Davis is scheduled to be executed on Sept. 21 for the murder of police officer Mark MacPhail in 1989 in Savannah. However, Davis has maintained his innocence.
His lawyers have been arguing that they can prove their client's innocence and have managed to spare him from three execution dates in the last four years, according to The Associated Press, and after a series of appeals that received special attention from the U.S. Supreme Court, Davis couldn't convince the courts to grant him a new trial.
Davis has almost exhausted his legal options and is facing death by injection Wednesday night.
MacPhail, 27, was operating as a security guard outside a Savannah bus station on Aug. 19, 1989, when he was shot and killed. He was rushing to help a homeless man who was being attacked, according to The AP.
Davis, who was 19 at the time, was arrested as the killer and eyewitness statements two years later influenced a jury to sentence him to death.
It was definitely not the Troy we knew, Davis's younger sister Kim told The AP. It was very, very shocking when it did happen. It kind of turned the family upside down.
Protest rallies in Atlanta against the judicial killing attracted thousands, and about 300 similar rallies were held worldwide ahead of a parole board hearing for the Davis, according to reports.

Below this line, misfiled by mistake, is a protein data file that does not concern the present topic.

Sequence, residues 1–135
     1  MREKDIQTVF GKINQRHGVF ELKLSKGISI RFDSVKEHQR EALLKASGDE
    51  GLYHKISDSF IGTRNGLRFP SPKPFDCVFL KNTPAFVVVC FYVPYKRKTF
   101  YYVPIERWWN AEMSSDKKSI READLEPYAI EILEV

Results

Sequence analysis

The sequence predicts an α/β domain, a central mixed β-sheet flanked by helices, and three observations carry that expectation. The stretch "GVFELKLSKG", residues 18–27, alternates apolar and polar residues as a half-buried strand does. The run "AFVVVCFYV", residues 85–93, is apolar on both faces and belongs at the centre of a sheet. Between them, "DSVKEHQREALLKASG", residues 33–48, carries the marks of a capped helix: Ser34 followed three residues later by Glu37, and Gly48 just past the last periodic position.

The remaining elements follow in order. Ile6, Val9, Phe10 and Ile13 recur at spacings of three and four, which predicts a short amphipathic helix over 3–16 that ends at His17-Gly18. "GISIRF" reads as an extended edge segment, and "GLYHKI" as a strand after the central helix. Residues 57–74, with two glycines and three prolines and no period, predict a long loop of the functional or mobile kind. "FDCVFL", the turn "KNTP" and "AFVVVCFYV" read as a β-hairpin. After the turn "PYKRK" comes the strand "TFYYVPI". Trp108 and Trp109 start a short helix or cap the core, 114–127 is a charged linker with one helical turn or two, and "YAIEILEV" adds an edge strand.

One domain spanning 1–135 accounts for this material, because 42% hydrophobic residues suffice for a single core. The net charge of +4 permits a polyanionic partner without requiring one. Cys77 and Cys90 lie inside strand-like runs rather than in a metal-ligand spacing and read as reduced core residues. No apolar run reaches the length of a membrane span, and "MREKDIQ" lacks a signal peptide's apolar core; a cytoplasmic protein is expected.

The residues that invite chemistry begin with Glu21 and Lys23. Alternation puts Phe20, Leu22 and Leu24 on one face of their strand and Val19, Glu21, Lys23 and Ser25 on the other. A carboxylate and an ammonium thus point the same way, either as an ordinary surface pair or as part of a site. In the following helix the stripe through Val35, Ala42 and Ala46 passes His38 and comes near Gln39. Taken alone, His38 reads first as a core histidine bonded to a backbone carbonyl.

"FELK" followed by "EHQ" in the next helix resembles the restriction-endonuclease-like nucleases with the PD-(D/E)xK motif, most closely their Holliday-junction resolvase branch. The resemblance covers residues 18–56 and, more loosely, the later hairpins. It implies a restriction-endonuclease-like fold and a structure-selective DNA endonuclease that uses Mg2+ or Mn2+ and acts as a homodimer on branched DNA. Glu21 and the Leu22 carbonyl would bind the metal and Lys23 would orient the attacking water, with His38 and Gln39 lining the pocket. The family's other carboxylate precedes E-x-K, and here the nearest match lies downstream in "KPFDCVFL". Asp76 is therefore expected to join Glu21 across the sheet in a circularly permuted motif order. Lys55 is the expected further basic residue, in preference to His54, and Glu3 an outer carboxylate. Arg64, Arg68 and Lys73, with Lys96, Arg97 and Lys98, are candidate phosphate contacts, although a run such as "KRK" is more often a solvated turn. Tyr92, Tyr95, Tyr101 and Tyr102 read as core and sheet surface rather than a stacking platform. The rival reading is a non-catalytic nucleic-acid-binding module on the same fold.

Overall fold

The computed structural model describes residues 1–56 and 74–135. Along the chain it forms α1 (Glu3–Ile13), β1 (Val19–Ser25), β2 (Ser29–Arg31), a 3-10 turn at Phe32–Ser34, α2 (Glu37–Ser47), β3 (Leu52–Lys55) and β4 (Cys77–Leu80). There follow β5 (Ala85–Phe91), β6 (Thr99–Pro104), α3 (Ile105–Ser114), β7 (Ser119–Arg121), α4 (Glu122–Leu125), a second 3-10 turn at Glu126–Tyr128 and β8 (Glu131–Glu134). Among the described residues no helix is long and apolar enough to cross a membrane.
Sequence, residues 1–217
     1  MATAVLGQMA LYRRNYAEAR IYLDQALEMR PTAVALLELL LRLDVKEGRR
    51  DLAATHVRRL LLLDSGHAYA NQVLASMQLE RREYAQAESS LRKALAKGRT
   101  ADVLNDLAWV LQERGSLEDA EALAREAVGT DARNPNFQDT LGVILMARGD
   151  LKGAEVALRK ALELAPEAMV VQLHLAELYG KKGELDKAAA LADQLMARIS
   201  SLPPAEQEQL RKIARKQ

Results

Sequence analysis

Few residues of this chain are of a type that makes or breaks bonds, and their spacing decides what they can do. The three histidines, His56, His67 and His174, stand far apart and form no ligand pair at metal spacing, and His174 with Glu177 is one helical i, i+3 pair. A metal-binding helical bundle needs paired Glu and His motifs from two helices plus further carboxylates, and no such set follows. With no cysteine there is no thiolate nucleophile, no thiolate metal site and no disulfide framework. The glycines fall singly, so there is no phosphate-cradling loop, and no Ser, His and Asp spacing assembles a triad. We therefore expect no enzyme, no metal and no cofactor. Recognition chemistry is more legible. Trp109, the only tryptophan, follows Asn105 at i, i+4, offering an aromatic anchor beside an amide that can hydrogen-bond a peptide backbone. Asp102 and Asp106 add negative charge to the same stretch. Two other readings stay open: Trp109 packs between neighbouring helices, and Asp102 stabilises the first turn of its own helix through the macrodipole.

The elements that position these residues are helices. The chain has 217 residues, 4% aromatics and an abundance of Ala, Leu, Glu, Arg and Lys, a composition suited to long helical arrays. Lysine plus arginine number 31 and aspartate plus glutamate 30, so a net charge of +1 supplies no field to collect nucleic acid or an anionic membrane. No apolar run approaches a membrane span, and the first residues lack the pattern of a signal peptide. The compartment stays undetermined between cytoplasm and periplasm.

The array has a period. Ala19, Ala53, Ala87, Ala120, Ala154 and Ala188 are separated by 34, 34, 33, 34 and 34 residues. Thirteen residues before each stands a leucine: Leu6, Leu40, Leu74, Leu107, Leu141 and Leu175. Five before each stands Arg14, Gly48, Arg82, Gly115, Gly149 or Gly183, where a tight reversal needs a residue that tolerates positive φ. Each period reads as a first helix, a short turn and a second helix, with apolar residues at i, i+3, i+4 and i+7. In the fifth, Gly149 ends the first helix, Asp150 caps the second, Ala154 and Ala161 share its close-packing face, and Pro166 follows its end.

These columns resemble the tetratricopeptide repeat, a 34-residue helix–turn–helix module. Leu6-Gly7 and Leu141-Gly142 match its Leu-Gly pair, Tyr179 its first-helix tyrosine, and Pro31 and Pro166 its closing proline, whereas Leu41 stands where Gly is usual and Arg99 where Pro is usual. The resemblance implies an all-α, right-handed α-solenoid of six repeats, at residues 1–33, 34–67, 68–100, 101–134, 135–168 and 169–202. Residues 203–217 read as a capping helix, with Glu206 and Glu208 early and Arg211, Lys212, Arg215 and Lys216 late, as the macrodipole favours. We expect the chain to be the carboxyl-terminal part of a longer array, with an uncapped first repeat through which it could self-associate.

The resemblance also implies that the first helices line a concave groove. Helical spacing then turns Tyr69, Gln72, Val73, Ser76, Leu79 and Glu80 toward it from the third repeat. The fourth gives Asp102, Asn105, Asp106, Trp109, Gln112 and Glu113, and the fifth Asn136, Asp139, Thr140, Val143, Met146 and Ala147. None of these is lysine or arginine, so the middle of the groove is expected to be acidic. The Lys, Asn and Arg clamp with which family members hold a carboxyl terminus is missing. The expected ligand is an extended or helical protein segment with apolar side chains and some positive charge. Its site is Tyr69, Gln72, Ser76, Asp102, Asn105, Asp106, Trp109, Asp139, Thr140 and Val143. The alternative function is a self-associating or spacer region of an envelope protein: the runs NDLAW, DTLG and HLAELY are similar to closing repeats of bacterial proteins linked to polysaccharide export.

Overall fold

Davis' supporters claim his innocence, noting 10 witnesses in the case have signed affidavits withdrawing their testimony saying that police coerced them into accusing the 41 year old.
If I knew then what I know now, Brenda Davis, one of the jurors in the trial told CNN in a 2009 interview, Troy Davis would not be on Death Row. The verdict would be 'not guilty.'
The Georgia Board of Pardons and Paroles on Thursday got petitions with 663,000 names urging clemency, and it will convene on Monday to consider the case.
It is all that stands between Davis and execution.
But the slain officer's family told The AP they are confident Davis killed MacPhail.
His mother Anneliese MacPhail dismisses Davis' advocates, which includes the NAACP, Amnesty International, former President Jimmy Carter, and Pope Benedict XVI .
Anneliese MacPhail said they are ill-informed interlopers who have only prolonged her family's push for justice, according to The AP, and that she's cautiously confident that will end Wednesday.
I think I finally will have peace of mind, said Anneliese MacPhail, who lives in Columbus. When it is over I can close that book and I know Mark can rest in peace, too.